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View Diary: The GOP's lose-lose dilemma on immigration (107 comments)

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  •  According to this- for just Mexican vote (0+ / 0-)

    No. He only got 35 percent.

    http://www.hispanicvista.com/...

    There's a lot of data out there. What's interesting int his is that the data underscores that the numbers remain about the same.

    The lowest point was Dole in the modern era.

    But what's clear is that a large percentage went to independent candidates (which is danger for the Democratic party). That they are willing to vote a third party, especially given their left leaning ideological bent.

    eg favor socialism more, favor big government more etc

    The GOp isn't the only party facing changes.

    In terms of historic numbers, while Obama's numbers are impressive, they aren't the highest percentage ever received.

    That goes to LBJ  who is theorized to have gotten 90 percent of the Latino vote.

    Also Humpert Humphrey got 87 percent.

    Obama's number reflects Dukais's numbers- the later got 70 percent.

    The history tends to bring into question whether Obama has really done anything unique other than maintain and already strong long term historic tie with a growing demographic

    The main different historically is that the latino percentages only have started to matter with demographic shifts in the composition of the voters rather than just percentages voting Democratics.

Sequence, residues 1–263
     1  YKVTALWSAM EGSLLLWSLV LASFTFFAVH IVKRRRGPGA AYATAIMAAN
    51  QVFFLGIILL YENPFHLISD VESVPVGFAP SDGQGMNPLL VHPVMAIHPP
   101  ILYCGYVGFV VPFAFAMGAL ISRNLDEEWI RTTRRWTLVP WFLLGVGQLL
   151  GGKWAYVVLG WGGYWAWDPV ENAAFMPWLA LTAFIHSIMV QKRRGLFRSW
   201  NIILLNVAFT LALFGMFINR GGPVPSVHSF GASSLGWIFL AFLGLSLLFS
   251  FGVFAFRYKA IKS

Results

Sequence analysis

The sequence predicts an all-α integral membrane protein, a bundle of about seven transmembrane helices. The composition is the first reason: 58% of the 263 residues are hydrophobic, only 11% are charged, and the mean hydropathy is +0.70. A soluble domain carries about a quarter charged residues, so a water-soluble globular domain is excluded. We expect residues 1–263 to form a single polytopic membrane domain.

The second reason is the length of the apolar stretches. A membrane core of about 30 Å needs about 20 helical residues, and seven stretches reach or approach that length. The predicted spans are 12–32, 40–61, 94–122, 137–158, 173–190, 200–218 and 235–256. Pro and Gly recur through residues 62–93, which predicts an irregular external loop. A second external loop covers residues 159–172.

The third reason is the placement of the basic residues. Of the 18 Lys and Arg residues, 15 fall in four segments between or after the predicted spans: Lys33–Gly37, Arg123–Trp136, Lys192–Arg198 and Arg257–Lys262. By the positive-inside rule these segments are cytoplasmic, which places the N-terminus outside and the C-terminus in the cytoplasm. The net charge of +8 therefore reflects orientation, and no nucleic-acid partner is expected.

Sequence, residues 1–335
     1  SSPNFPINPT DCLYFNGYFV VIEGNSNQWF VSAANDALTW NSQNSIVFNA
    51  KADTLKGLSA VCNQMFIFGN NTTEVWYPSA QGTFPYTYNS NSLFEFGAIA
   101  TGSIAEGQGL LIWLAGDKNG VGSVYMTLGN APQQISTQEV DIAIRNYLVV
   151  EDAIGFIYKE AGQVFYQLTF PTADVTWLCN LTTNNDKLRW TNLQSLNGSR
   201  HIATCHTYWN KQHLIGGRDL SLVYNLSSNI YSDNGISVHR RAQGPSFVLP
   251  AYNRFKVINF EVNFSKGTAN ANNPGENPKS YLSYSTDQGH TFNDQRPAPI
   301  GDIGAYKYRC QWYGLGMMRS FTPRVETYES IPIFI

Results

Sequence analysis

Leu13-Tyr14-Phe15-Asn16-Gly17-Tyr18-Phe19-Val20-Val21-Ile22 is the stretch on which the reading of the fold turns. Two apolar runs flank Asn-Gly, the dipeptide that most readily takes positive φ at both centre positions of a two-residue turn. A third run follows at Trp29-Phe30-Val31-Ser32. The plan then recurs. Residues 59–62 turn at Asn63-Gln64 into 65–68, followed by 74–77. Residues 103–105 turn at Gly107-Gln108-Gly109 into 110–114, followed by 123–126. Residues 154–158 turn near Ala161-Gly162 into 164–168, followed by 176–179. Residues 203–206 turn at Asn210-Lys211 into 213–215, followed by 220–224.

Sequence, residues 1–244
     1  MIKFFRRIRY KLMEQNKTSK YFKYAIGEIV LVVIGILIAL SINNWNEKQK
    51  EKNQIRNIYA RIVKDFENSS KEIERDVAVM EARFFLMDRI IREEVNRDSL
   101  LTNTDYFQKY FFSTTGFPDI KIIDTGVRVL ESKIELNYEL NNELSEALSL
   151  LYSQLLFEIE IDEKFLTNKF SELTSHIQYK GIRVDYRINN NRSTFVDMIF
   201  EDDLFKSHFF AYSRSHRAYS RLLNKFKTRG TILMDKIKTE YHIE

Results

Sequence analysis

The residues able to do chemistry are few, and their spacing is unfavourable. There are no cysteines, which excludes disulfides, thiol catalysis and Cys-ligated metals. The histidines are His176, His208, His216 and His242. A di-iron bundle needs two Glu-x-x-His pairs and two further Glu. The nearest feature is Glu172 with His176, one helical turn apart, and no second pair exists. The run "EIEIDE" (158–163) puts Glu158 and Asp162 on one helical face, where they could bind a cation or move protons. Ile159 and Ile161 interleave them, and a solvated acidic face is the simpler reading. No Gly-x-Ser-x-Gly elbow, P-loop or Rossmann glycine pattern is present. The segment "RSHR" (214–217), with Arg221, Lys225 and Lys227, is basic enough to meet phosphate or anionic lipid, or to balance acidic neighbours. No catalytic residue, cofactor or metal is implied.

I have thought to write about this, but decided against it, because the reality is that people here are Democrats, and don't much seem interested in a more complicated picture

    10 percent in 1997 went to independents.

    If Democrats fail to move left as the demographic shifts occurs, the question I would be raising is not just whether the GOP faces a challenge, but whether the Democratic Party does as well?

    I don't have answer to that question, but I also know raising that here would bring out the true believers who think only i n terms of partisans scales of Democratic v REpublicans rather than what may be a more complicated future as what is likely tob e an ideological reallignment will shift away from both parties.

    That's an issue that right now the whole Grand Bargain is trying to get ahead of.

    They won't be able to pull this shit so easily even 4 years form now, much less 10. The demographics in questions- make that clear. I suppose they c ould somehow do so, but the way they have won over such nw demographics inthe past is to buy th em off through government action, which is self defeating of the goal of trying to cut government benefits. Again, not sure that's a conversation for here.

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